While initially it sounded like yet another SecureBoot issue with Linux, Matthew Garrett investigated and found that the UEFI on the Lenovo ThinkCentre M92p desktop was explicitly checking for the presence of “Windows Boot Manager” and “Red Hat Enterprise Linux” upon installing an UEFI-supported operating system. If the UEFI sees either string within the firmware’s descriptive string, the UEFI won’t let the system load.

Canonical and Red Hat should complain to antitrust authorities. They oughtn’t rely on fair play with UEFI. Vista 8 is failing very badly, but a lot of hardware is being built these days to only run Windows. This is an injustice that must not be tolerated. Microsoft also uses software patents to suppress GNU/Linux adoption.

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This post is also available in Gemini over at:

gemini://gemini.techrights.org/2012/11/18/blocking-gnu-linux-in-oems/

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3 Comments

  1. Michael said,

    November 18, 2012 at 9:39 am

    Gravatar

    You are still whining about Vista. LOL! Vista came out in 2009. Move on already.

    Windows 8 is a bit of a UI nightmare… it gives the competition an opening (yes, as Vista did). Apple capitalized on the opening before… now we shall see if the open source community can get their act together and get desktop Linux into a good enough state to compete with a bad release of Windows. If they can you will no doubt see HP and Dell making a lot more sales of desktop Linux systems.

    I hope this happens. I think it would be great. But I am not holding my breath.

  2. mcinsand said,

    November 19, 2012 at 12:33 pm

    Gravatar

    One thing that MS is doing well over in the US is a serious, constant, and aggressive advertising campaign. The last publicly-welcomed OS that MS released was over a decade ago. Windows 7 is really only tolerated, and only then because it isn’t the trainwreck of the Alpha version (Vista). Then again, Windows 7 did pick up my time consumed in helping friends jump to FOSS.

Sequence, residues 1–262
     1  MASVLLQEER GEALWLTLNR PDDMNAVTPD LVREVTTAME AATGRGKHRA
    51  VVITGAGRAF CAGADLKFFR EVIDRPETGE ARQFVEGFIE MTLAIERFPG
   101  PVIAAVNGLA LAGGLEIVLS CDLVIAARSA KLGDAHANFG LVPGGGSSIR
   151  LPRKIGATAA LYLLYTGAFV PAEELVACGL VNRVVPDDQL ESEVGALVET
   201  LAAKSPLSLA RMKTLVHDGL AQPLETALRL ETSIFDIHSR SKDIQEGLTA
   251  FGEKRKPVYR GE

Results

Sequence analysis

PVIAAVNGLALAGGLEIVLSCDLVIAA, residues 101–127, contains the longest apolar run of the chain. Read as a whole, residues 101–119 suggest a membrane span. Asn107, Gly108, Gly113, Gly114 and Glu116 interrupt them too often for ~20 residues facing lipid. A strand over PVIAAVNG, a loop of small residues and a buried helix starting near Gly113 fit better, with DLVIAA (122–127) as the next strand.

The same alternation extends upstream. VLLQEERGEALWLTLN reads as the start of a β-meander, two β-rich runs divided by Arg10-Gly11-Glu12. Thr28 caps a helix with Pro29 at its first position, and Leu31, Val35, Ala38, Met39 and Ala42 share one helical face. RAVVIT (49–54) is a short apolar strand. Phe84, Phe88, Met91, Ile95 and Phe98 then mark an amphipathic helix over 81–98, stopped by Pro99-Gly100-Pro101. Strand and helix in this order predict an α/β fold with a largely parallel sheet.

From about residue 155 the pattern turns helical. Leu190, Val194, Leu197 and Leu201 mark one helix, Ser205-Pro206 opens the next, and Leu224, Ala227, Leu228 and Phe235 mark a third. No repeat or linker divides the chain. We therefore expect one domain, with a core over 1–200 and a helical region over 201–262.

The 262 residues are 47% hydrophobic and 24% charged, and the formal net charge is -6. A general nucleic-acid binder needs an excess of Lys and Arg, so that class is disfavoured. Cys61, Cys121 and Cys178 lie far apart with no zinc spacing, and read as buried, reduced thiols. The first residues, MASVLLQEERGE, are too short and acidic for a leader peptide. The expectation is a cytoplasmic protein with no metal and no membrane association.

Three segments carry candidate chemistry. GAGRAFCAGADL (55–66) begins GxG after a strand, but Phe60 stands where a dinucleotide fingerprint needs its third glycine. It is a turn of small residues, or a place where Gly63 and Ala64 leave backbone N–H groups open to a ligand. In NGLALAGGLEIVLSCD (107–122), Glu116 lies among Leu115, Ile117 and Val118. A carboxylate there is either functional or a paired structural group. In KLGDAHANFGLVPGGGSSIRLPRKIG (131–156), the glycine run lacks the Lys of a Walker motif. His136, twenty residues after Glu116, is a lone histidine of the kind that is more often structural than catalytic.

Although the new ad campaign is done well, the desperation is still definitely there. MS desperately needs a release that is not a flop. This isn’t it, and it could help to further usher-in a world that expects performance and a degree of freedom/choice. In other worlds, a post MS, post Apple world. The duopoly needs MS to continue with the majority share in order to defend the status quo. Otherwise, users will look for (and find) better options. When most people simply used Windows because most people used Windows, there was a bit of safety… as long as FOSS was only a thin slice of the market share. The perception was of only two real options: economy with poor reilibility or reliability with poor economy. With both, performance was sadly compromised. As MS’ market share drops, more and more will realize that they can fork over more cash for an overpriced, underperforming Macintoy, but that won’t be the majority. Most don’t like licenses that amount to technological straightjackets, and most don’t want to overpay for what they get. Furthermore, most people actually like choices (although I have had cultmembers assert that the advantage of the Apple is that they don’t have to worry with having choices for what they might like best). As options build, and especially as MS deflates, Apple has three monstrous disadvantages from the starting gate. If Windows 8 doesn’t save Windows, then it will definitely also be a massive hit to Apple.

    Michael Reply:

    Both Win XP and Win 7 were well received… unlike Vista and, it seems, Win 8. Not sure what made you think otherwise. And all of those did better than *free* alternatives… which have not earned their place on the desktop in any significant way.